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Sometimes the most intriguing thing about a work of art is the process in which it was created. Clare O’Neill has borrowed the age-old encaustic process to give emotion and mystery to her photographs.

Currently living in Minnesota, Claire began her photographic career traveling the Irish countryside. After a professional change just three years ago, she was able to exhibit her first body of photographic work showcasing the people and places of Ireland. Her photography began in black and white, but her desire to create depth and texture has led her to explore innovative techniques.


To create the mysterious depth you see above, Claire uses encaustic, a wax-based medium that originated thousands of years ago to waterproof and decorate ancient Greek war ships.

Claire layers this encaustic wax over her digital photographic images to suggest an “imaginative, sensual, and provocative style”. Her materials include molten beeswax, pigment and damar crystals. The process includes fusing layers of wax after each application to allow viewing many layers at once. Claire will keep manipulating her materials until it feels just right.

On Bridge

These images are not only mysterious, but timeless. They seem to be a window into the past and definitely place an antique spin on our contemporary lives.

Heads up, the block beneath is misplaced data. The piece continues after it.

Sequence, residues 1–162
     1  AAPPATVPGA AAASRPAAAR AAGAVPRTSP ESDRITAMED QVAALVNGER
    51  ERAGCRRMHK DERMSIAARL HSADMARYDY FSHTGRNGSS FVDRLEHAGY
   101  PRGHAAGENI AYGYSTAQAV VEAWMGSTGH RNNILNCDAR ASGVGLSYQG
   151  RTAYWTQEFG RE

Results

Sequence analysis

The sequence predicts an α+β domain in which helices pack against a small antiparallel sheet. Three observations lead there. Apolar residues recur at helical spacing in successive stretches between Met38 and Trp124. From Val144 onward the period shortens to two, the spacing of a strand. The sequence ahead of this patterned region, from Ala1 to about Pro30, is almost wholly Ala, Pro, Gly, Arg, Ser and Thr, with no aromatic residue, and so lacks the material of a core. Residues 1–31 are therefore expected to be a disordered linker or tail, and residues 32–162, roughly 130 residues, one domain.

Claire’s process also seems to heighten her subject’s presence. In the image above, the skyline is a beautiful collection of light and dark tones, reinforcing the city’s depth. The two pedestrians, laden in black, act as a resting point for our eyes.


Claire states that perfection and control in photo encaustics is impossible. The elegance evolves from imperfection and satisfaction from the unexpected.

I invite you to visit Claire’s website at www.ClareONeill.com to explore this lovely old-world spin on contemporary photography.

*Note: this post may contain affiliate links*

As the age-old saying goes, a picture is worth 1,000 words, but Jordan photographer Raad Haddad’s photos may just leave you speechless.

Raad doesn’t view his photography as a job, but rather a hobby and artistic journey he began seven years ago. And with every click of the shutter, he aspires to advance his skill level one step. . . read more

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